I work remotely much of the time and on my lunch break yesterday I tuned into midday television. It became clear immediately which sub-demographic the broadcaster had decided to place me in. I must be unemployed because I am watching television before 5:30pm and that there can only be a handful of reasons for this:
A – I am retired, with declining health, and must be sold exorbitant life insurance.
B – I have lost my job and that must be someone else’s fault, I need to sue them.
C – I am unable to work as I was not given appropriate care when hospitalised, so I must find the party responsible and sue.
As a designer I love to watch for emerging trends in advertising. Whilst I was completely tuned out for the adverts that were targeting groups A and B, I was astonished to see that there was a large enough market to justify the broadcast of an advert target at group C- broad-media advertising for healthcare lawsuits!
To paraphrase the advert said:
“It costs nothing for me to find out whether I’m entitled to medical compensation”
“It is quick and easy, I practically don’t have to do anything”
“I am entitled to the truth about my medical care”
“Getting every penny that I deserve will put the pain of the past behind me”
Healthcare-specialist law firms have existed for some time, but traditionally they are sought out by the affected party – if somebody feels that they have been genuinely wronged then they will look for help. However, this is different, because mainstream media is the one dangling the carrot. This is a proactive ad campaign, primed to act as an enabler for British cynicism. “My troubles can’t be my doing, but perhaps it is a caregiver’s fault this time around” – praying on people’s predisposition to look for closure through blame that something might be ‘owed to them’ by somebody who was trying their best to do a job, quite possibly saving their life. Looks like I’ve got nothing to lose by picking up the phone and finding out free-of-charge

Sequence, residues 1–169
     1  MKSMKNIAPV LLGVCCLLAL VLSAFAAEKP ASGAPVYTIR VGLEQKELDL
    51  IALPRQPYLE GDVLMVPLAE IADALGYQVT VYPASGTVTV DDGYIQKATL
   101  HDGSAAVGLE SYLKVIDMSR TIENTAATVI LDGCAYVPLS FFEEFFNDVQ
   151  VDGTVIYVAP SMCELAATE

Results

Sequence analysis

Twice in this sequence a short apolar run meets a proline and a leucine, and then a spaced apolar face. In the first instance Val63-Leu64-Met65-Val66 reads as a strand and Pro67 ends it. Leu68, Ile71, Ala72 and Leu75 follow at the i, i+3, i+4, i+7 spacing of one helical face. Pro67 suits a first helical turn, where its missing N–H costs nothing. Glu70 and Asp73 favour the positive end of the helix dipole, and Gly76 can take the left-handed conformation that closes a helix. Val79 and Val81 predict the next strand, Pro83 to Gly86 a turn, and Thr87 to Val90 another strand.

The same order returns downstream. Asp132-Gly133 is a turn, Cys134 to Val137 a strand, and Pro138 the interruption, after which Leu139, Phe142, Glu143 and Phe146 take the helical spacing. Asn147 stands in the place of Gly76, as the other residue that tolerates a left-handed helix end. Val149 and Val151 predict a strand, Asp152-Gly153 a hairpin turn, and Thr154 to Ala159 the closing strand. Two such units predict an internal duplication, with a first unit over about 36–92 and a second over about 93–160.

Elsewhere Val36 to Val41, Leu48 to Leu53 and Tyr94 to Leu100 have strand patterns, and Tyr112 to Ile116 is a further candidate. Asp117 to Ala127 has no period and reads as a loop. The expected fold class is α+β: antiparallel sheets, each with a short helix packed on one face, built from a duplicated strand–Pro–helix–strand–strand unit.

To be clear, I am not defending the mistakes made in NHS, I am attacking advertising! If mainstream media influences people’s impression of their care, you can guarantee that new media has been on the case for a while. As I am writing this, just today, the names of seven trusts with above average death rates have been published to the public forum. But if someone were given adequate care at one of these institutions suffering from slipping standards, then turns on the TV to be informed that there could be a quick payout – surely they’d be mad to miss the opportunity? It’s not fraud if you’re entitled to it!
The problem seems to be that we are so happily led to discard logic and hand over complete responsibility to others. A prime example is the closure of NHS Direct’s ill-fated 111 services. This was a brand new form of care, and a new way to access information. Aside from the apparent poor planning, the numbers of calls received were double the expected, leading to unacceptable waiting times. Some people gladly dialed in for the most menial things as it took the pressure off them. I’m not excusing the blunders (some still under review) that arose after receiving advice from the helpline, but this was an advice line, not a full physical. From what I can ascertain, a number of these cases unraveled some time after the affected party hung up the phone and their condition changed or deteriorated.
The growing notion of blame culture is incredibly destructive and has wide implications for our health service far beyond the no win, no fee adverts we see on daytime TV. It’s pushing people to not only blame others but also encouraging them to take less responsibility for their health as a whole. In an age when the only way our health service can survive in its current guise is if we move to a more preventative method, blame culture could in fact be moving this agenda in the opposite direction.
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